Originally posted on infoworld.
Retaining engineering talent will be a top priority in the coming year. And traditional developer productivity management approaches will be kicked to the curb.
Software development is a critical driver of global macroeconomic growth, and will continue to propel growing businesses despite economic headwinds. As we look ahead to 2023, the developer experience and developer productivity will emerge as top priorities for CIOs and IT leaders as pressure builds to retain engineering talent and move the focus from the top to the bottom line by getting more out of existing development resources.
Below are three trends I see taking shape in the coming year in support of improving the workflow, productivity, and job satisfaction of software developers.
Developer experience will emerge as a top priority for businesses to keep their competitive edge
It will be more important than ever for leaders to prioritize their developer experience to remain competitive. This is particularly true for any business that relies on software to achieve mission-critical levels of operational efficiency and/or compete on their ability to bring new digital services to market rapidly and at scale.
In order for software companies to win and retain top developer talent, they must be able to provide a great developer experience. To do that, tech leaders must prioritize minimizing toil and frustration in the software development process. Software development is a highly creative process, but is often rampant with bottlenecks and inefficiencies that disrupt creative flow. By minimizing bottlenecks like idle time waiting for build and test feedback cycles to complete and inefficient troubleshooting, software development teams will improve productivity while increasing developer happiness.
Especially given the uncertain economic outlook, now is the time for companies to focus on solidifying their software development team and upgrading their talent pool. As a result, there will be a greater emphasis on tools that boost productivity so developers can spend more time innovating and creating useful code. This is the best way to attract and retain top talent.
Observability in the software development process will become a must-have
When you ask many software development leaders what their average feedback cycle time is, they usually don’t have an answer. This is due to a lack of basic observability in the build and test process, which means leaders don’t have visibility into simple metrics that show where time and money is being lost.
The number of software builds that large enterprises run daily can be measured in the hundreds of thousands. Shaving a few minutes off build wait times at a typical cost of $1.50 per engineering minute can represent tens of millions in annual savings. As we head into a year of economic uncertainty, companies must push for observability in their software development process to identify areas for potentially significant cost savings.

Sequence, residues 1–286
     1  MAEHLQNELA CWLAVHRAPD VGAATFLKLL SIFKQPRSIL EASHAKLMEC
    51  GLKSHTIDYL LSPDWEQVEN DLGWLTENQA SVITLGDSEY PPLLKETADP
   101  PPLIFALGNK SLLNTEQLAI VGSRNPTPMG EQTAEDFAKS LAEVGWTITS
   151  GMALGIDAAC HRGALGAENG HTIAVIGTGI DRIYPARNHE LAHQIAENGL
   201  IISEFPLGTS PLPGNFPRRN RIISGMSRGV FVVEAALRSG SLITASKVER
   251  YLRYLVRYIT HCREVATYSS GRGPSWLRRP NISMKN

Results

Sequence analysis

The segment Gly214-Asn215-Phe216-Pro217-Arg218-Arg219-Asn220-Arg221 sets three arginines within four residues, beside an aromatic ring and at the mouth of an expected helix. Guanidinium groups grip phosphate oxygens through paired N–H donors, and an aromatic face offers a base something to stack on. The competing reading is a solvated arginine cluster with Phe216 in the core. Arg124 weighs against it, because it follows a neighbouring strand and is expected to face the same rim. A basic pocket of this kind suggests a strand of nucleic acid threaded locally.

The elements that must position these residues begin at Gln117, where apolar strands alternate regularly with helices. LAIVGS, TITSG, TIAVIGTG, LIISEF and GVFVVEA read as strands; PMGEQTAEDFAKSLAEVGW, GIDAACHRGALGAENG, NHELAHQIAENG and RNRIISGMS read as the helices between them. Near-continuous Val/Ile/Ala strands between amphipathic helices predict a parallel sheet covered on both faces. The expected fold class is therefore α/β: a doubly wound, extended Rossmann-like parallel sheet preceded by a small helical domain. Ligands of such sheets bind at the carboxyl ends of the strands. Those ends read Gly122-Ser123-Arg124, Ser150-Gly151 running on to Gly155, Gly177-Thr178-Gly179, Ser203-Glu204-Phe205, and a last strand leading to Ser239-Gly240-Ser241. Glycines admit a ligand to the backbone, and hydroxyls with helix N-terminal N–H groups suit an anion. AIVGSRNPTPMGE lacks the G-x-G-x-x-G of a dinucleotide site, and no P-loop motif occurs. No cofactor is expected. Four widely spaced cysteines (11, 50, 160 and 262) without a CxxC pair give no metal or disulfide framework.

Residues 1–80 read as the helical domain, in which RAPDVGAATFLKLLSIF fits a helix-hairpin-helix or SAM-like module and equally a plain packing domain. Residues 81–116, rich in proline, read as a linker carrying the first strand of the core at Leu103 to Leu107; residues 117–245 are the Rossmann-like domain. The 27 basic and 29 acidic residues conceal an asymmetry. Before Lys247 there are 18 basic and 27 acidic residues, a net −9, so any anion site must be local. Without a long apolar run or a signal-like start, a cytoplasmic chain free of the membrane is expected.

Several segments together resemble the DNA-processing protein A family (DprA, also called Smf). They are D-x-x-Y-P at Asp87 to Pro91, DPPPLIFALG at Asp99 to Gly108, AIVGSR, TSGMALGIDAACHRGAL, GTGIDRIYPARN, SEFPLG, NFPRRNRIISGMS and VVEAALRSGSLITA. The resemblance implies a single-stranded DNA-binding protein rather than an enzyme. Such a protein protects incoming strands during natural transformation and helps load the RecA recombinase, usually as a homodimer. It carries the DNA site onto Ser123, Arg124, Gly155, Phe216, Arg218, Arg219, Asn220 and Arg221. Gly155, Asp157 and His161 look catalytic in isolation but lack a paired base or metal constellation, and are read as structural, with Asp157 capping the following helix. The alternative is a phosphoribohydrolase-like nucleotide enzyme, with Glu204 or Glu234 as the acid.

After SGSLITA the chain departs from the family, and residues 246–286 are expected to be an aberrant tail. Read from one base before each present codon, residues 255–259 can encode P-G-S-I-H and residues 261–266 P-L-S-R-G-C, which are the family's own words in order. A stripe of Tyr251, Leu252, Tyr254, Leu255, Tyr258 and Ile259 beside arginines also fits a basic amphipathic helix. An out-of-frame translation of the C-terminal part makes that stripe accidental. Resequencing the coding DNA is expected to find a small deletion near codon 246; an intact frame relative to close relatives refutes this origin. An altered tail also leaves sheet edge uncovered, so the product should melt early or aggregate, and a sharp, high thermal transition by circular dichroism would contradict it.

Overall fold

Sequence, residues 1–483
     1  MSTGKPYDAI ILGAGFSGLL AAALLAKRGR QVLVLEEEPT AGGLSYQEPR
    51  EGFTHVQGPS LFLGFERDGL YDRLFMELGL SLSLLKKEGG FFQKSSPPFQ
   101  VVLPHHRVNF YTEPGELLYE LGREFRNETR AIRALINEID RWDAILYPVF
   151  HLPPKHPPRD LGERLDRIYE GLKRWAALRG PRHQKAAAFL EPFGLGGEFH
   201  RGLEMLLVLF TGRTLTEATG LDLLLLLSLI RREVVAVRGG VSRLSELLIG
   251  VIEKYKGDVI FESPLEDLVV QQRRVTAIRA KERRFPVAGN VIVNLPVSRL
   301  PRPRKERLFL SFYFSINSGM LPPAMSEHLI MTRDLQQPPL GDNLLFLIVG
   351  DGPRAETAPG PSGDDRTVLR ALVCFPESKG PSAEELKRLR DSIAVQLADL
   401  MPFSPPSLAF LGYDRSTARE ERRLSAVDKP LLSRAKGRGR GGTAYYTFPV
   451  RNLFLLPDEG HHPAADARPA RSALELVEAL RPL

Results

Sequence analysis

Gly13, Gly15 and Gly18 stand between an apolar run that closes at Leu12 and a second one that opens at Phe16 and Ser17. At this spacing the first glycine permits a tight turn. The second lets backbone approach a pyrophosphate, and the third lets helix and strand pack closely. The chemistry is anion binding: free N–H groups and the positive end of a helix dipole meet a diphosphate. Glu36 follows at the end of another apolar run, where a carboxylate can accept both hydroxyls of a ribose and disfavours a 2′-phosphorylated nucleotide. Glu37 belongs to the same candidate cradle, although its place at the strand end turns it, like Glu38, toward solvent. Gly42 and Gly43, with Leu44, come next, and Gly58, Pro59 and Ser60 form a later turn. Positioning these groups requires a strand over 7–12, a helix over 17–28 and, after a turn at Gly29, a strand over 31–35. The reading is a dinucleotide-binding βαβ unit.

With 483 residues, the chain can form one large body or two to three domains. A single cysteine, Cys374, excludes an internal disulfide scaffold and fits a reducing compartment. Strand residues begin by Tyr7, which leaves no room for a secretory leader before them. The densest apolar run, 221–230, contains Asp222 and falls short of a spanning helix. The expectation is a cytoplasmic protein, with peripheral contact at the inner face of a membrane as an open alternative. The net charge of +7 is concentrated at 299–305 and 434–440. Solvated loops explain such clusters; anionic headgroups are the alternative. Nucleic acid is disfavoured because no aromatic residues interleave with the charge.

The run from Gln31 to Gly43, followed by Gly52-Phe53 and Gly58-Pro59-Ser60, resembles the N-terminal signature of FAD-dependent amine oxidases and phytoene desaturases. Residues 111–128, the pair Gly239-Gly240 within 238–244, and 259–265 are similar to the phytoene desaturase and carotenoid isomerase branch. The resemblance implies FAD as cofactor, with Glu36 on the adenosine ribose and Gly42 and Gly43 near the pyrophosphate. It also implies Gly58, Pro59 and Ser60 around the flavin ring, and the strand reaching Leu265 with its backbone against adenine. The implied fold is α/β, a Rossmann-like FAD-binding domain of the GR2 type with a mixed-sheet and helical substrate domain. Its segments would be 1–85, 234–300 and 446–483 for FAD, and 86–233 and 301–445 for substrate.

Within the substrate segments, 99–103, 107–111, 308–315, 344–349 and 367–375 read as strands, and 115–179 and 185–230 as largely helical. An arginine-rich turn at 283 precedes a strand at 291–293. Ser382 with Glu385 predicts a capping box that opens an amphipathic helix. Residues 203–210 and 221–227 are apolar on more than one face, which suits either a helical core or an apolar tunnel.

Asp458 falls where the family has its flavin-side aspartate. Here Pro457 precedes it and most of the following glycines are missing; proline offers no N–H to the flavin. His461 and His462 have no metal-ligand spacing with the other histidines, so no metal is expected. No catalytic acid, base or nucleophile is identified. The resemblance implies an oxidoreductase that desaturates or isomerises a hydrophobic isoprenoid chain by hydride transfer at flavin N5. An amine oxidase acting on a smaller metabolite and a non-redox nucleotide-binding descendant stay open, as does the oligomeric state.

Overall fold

In 2023, we will see a greater focus on bringing technologies like advanced analytics and machine learning to software development, so tech leaders can better leverage the build and test process data afforded by improved observability. In turn, this will help draw attention to the inefficiencies and pain points that developers face.
The practice of developer productivity engineering will overshadow attempts to ‘manage’ developer productivity
Developer productivity engineering (DPE) will emerge as the predominant approach to maximizing developer productivity and improving the developer experience. The practice of DPE views productivity as an imperative that can be addressed through engineered solutions rather than management best practices. As such, it relies on automation, actionable data, and acceleration technologies to deliver measurable outcomes like faster feedback cycles and reduced mean time to resolution (MTTR) for build and test failures.
In contrast, the traditional developer productivity management approach views productivity as a people problem that can be addressed by measuring individual developer activity and output levels, identifying top and bottom-level performers, and remediating productivity through skill gap analysis and training. This provides a soft ROI at best and often incentivizes the wrong kinds of behaviors (since “Big Brother” is always watching).
In the new year, more technology and global business brands will join companies like Apple, Google, and Netflix in investing in their DPE practice to lift the baseline of team productivity levels and receive a hard ROI tied to business outcomes rather than individual developer output.
Several business and technology productivity methodologies over the past 50 years have stood the test of time, including Toyota Production System/JIT delivery, Business Process Reengineering, Change Management, and Lean Six Sigma. Standing on their shoulders, DPE represents the next major advance in the evolution of software development and delivery processes, and the most significant since the introduction of Agile and DevOps.
With the growing need to deliver a better developer experience and effective developer productivity solutions, we’re going to see the practice of DPE take off in 2023.